Blood pressure (BP) rises rapidly at puberty. While this is partly due to normal development, factors like excess adiposity and a high intake of dietary sodium relative to potassium may contribute to a true increase in hypertension risk. This study aimed to assess the relative impact of growth, gonadal hormones, adiposity and the sodium-to-potassium ratio (Na:K) on longitudinal BP measures at puberty. This study analysed data from a three-year longitudinal cohort study of pubertal adolescents. Anthropometry, body composition (bio-electrical impedance), serum testosterone and oestradiol (mass spectrometry) were measured annually. Na:K was measured from three-monthly urine samples. These variables were used to predict annual BP measures using mixed modelling and ordinal regression. Data from 325 adolescents (11.7 ± 1.0 y; 55% male) were analysed, showing typical growth patterns at puberty. Systolic BP increased over time in both sexes (p < 0.01), with boys exhibiting a significantly steeper rise compared to girls. Adiposity variables (BMI z-score, percent body fat, fat mass, waist-to-height ratio) strongly and consistently predicted systolic and diastolic BP in both sexes (all p < 0.05). Systolic BP was also significantly and positively related to height (p < 0.05). No associations with BP were identified in either sex for gonadal hormones or Na:K. Similar results were obtained when BP was classified into hypertension categories. Relative to other developmental and diet-related variables tested, adiposity was found to be the strongest most consistent predictor of BP in pubertal adolescents. Findings highlight the importance of dedicated youth obesity management interventions and policy measures for reducing long-term hypertension and cardiovascular disease risks. Australian New Zealand Clinical Trials Registry ACTRN12617000964314.
 
Hypertension remains the primary contributor in the development of cardiovascular disease which is rapidly increasing worldwide. High blood pressure affects men and women differently and understanding these sex differences is the ultimate unmet need for researchers in this field. Due to the inherent differences in hypertension prevalence, control and outcomes between men and women, novel research needs to be carried out to tackle these disparities and improve targeted treatment. Animal models of hypertension have provided valuable insights into the sexual dimorphism of blood pressure mechanisms. The availability of genetic and non-genetic hypertensive strains allows the opportunity to study diverse environmental and genetic factors that affect blood pressure, therefore presenting a valuable tool for researchers. Sex differences are present before birth and throughout life, which presents a challenge for the study of disease development in humans, but these complexities can be resolved with the use of in vivo models that display similarities to human disease. The aim of the present review is to provide an overview of the different available animal models of hypertension that present sexual dimorphisms and to discuss their relevance to humans.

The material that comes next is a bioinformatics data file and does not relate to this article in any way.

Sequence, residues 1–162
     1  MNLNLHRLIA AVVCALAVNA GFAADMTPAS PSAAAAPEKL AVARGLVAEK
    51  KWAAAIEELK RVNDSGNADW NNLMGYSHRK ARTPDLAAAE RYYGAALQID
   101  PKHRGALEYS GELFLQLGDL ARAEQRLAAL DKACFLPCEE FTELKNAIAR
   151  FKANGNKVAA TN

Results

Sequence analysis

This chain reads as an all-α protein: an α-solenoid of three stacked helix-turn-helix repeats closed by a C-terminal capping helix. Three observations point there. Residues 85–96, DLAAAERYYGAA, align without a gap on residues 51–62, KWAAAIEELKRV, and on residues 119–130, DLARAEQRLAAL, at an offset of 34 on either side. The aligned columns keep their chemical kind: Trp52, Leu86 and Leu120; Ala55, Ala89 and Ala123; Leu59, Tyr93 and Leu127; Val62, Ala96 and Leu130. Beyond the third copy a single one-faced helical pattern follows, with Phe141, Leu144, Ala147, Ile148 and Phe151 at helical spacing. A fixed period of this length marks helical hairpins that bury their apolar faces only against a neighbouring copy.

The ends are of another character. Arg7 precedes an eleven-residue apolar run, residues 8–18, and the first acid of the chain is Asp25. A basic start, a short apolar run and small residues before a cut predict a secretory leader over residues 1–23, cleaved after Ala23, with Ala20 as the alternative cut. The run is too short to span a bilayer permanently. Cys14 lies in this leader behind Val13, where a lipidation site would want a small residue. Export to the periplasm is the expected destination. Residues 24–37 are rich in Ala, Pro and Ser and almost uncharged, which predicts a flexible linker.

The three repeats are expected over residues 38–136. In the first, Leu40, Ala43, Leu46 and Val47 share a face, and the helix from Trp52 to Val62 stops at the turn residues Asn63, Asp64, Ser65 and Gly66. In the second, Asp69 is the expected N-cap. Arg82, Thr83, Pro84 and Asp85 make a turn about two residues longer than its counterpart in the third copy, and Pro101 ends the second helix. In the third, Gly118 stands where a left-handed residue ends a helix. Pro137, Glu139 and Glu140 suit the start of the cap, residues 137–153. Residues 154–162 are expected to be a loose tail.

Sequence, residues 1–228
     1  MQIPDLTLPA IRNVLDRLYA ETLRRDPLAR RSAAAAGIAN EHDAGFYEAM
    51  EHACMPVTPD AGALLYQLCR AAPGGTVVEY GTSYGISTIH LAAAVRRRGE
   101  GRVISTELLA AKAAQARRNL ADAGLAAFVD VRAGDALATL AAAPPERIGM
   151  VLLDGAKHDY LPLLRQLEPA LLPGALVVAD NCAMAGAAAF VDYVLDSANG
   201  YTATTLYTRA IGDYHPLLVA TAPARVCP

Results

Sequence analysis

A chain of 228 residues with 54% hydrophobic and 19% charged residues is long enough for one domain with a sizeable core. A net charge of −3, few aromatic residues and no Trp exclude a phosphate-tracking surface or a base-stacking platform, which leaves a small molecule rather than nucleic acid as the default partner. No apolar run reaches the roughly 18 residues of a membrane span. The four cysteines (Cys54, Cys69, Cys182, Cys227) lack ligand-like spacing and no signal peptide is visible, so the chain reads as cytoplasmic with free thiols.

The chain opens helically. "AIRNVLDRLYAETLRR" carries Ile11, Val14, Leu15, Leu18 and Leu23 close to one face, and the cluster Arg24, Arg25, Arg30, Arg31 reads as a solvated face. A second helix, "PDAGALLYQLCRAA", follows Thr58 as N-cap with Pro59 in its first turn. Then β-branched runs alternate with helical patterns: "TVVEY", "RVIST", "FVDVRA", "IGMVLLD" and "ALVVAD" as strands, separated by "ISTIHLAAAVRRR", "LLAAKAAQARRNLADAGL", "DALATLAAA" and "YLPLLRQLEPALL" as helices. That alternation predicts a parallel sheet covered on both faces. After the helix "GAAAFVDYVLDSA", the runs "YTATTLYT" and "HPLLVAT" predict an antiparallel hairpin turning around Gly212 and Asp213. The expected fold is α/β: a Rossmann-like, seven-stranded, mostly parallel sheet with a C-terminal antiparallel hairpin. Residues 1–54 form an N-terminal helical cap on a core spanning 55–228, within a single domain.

Workflow of transcriptomics. Transcriptomics analysis begins with the extraction of DNA from plasma. Reverse transcriptase is then used to obtain complementary DNA fragments. The DNA library is then loaded into the sequencer and analysed. Gene expression can be visualised in heatmaps.
Proteomics analysis. For top-down proteomics where intact proteins are resolved by 2D PAGE and individually characterised later. In bottom up, proteins are digested by proteolytic enzymes and the separated peptides are analysed by MS (Figure modified from Kennani et al. [111]).
Hypertension, characterised by a constant high blood pressure, is the primary risk factor for multiple cardiovascular events and a major cause of death in adults. Excitingly, innovations in high-throughput technologies have enabled the global exploration of the whole genome (genomics), revealing dysregulated genes that are linked to hypertension. Moreover, post-genomic biomarkers, from the emerging fields of transcriptomics, proteomics, glycomics and lipidomics, have provided new insights into the molecular underpinnings of hypertension. In this paper, we review the pathophysiology of hypertension, and highlight the multi-omics approaches for hypertension prediction and diagnosis.
 
A framework for diagnosis and management of hypertensive emergencies, malignant hypertension (accelerated hypertension), and acute severe hypertension. a Approach and diagnosis of management of hypertensive emergencies, malignant hypertension (accelerated hypertension), and acute severe hypertension. b Management framework for acute severe hypertension. c Management framework for malignant hypertension and hypertensive emergencies.
Patients with hypertensive emergencies, malignant hypertension and acute severe hypertension are managed heterogeneously in clinical practice. Initiating anti-hypertensive therapy and setting BP goal in acute settings requires important considerations which differ slightly across various diagnoses and clinical contexts. This position paper by British and Irish Hypertension Society, aims to provide clinicians a framework for diagnosing, evaluating, and managing patients with hypertensive crisis, based on the critical appraisal of available evidence and expert opinion.